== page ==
And let me briefly digress and say that "originality" and "creativity" and other synonyms are often universally regarded as virtues, but I don't necessarily agree.  This is an argument that I have most frequently in the context of music and playing with different musicians, but it applies anywhere.  

It is pure ego to think that you can come up with a completely new good idea that nobody has had before, just by devoting a couple minutes thought to it.  Being different and original just for the sake of being different and original will more often than not lead to something that's unique, but also quite obnoxiously bad.  I don't care if you're trying to invent new chords and guitar tunings because you want to slap the audience in the face with your musical genius, or if you're dead set on turning a wrestling show into a non-stop stream of "shoot" angles to trick fans into thinking everything is real.  The point is, you have to temper this wanton desire for originality with a realization that most good ideas have already been had.

That leaves you with the opportunity to manipulate those good ideas, to combine them, to give them a shiny new finish... to make them INTERESTING if not, strictly speaking, completely original.  I'm reminded of that mildly unsettling "interview" I did with Raven back at the Pillman Memorial a couple years ago... where we wound up agreeing that there are a handful of archetypical stories that have been told and retold for centuries, and that even within the framework of wrestling, there are still lots of ways to retell those stories.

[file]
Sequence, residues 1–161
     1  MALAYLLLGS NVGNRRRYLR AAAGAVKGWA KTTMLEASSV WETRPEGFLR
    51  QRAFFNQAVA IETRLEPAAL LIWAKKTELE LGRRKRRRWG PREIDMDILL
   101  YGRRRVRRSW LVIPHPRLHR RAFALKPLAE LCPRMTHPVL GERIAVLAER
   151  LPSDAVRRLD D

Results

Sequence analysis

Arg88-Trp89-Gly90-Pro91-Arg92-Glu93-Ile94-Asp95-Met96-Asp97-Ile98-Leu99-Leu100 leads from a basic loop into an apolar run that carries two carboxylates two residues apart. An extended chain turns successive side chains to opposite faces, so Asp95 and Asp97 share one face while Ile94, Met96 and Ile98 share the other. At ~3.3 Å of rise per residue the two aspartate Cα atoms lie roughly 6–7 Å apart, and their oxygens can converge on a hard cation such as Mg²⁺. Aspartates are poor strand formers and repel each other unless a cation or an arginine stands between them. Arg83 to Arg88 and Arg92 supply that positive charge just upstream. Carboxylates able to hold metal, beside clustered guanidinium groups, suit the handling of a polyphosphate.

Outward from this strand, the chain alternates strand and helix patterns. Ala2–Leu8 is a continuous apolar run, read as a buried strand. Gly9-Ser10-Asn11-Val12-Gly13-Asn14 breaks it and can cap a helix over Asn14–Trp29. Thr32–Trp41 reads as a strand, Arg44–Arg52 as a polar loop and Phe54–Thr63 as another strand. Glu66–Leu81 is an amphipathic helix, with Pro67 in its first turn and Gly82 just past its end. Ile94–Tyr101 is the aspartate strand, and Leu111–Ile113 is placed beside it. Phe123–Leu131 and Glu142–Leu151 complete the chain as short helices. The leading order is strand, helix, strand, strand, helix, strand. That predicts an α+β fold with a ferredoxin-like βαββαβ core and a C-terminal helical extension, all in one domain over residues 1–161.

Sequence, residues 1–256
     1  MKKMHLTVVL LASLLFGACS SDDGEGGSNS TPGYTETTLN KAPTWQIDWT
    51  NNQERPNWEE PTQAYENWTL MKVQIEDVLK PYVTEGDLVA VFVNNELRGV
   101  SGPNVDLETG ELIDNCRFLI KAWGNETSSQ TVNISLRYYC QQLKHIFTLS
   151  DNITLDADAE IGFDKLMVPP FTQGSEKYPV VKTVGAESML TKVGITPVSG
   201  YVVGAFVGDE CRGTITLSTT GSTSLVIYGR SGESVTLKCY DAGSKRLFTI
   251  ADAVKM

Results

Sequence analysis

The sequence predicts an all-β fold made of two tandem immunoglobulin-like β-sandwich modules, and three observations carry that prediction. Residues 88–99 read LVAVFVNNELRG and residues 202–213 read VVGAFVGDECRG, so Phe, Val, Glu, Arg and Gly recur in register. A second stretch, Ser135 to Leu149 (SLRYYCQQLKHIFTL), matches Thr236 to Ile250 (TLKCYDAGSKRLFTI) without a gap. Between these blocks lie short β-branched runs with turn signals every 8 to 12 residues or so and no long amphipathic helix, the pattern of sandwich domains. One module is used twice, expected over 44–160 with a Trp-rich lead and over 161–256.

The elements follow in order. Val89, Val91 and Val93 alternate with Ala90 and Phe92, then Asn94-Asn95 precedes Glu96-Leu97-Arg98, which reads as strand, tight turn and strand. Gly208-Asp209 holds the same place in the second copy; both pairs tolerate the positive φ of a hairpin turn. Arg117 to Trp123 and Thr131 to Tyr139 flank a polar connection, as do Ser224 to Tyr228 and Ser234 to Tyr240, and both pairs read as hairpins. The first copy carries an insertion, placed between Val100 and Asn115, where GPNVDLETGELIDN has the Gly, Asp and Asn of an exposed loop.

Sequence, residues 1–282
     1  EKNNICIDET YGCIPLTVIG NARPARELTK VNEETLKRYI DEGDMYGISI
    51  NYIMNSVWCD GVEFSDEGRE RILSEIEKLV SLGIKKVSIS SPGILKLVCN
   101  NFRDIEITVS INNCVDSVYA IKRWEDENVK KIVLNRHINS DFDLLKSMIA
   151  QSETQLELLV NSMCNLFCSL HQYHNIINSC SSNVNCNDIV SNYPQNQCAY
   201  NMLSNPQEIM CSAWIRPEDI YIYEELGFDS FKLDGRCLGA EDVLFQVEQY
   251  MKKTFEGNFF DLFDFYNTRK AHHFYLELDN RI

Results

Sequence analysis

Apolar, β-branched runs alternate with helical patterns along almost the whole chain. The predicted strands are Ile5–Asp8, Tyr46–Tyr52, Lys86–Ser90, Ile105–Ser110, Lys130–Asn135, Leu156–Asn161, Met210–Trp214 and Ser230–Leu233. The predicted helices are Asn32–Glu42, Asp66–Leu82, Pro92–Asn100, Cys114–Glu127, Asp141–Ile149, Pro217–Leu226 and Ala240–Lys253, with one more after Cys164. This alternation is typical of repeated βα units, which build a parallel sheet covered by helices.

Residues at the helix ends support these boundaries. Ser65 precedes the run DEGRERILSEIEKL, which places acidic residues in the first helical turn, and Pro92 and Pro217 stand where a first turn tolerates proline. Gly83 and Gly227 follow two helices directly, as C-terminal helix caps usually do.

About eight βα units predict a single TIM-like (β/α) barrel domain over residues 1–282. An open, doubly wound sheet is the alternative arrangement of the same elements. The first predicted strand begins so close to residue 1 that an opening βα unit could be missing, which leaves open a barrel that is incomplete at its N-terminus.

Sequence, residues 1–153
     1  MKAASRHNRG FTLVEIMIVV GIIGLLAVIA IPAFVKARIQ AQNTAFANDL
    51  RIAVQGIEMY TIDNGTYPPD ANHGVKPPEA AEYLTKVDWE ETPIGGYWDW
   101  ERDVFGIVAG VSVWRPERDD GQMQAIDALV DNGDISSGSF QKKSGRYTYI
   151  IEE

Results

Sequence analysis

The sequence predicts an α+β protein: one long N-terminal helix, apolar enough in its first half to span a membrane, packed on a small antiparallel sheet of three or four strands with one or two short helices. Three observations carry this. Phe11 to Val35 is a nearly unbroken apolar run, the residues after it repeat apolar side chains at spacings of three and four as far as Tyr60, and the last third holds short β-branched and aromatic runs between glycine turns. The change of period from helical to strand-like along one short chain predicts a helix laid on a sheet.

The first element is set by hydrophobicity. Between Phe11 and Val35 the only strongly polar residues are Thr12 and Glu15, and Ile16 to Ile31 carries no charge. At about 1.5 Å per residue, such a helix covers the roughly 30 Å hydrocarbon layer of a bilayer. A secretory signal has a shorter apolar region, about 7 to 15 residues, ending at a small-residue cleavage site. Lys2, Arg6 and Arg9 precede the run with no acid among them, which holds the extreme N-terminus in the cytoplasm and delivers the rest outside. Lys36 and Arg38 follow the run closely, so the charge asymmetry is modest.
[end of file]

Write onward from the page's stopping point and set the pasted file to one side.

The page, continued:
When those stories are blandly developed or blatantly recycled from wrestling's own past-tellings, that's when I am let down.  But again, it's something I'm resigned to.  It doesn't get to me that much.  There are only so many times you can catch lightning in a bottle in the form of highly profitable insurgence vs. corporate structure feuds (like nWo vs. WCW or Austin vs. McMahon), and only so many indie guys you can rip off looking for new gimmick matches and highspots.

The rest of the time, I can make do with stories that are retooled, recylced, and repeated...  if the characters involved are moderately interesting and the matches themselves are good, that's more than enough to keep me going.  And I'd rather have that than Vince Russo's industry-redefining-if-only-he'd-kept-his-job-long-enough-to- accomplish-everything-he-set-out-to "Shoot-O-Vision" any day of the week.

That only leaves me with Booked Disappointment, the only time when I actually find myself inspired to rant and rave like a loon.  The only time I might actually get worked up to the point that I'm upset and frustrated with the writers who let this happen.  The only time when I feel genuine disappointment, rather than a resigned acceptance of one of the inherent short-comings of an entertainment form I've become intimately familiar with.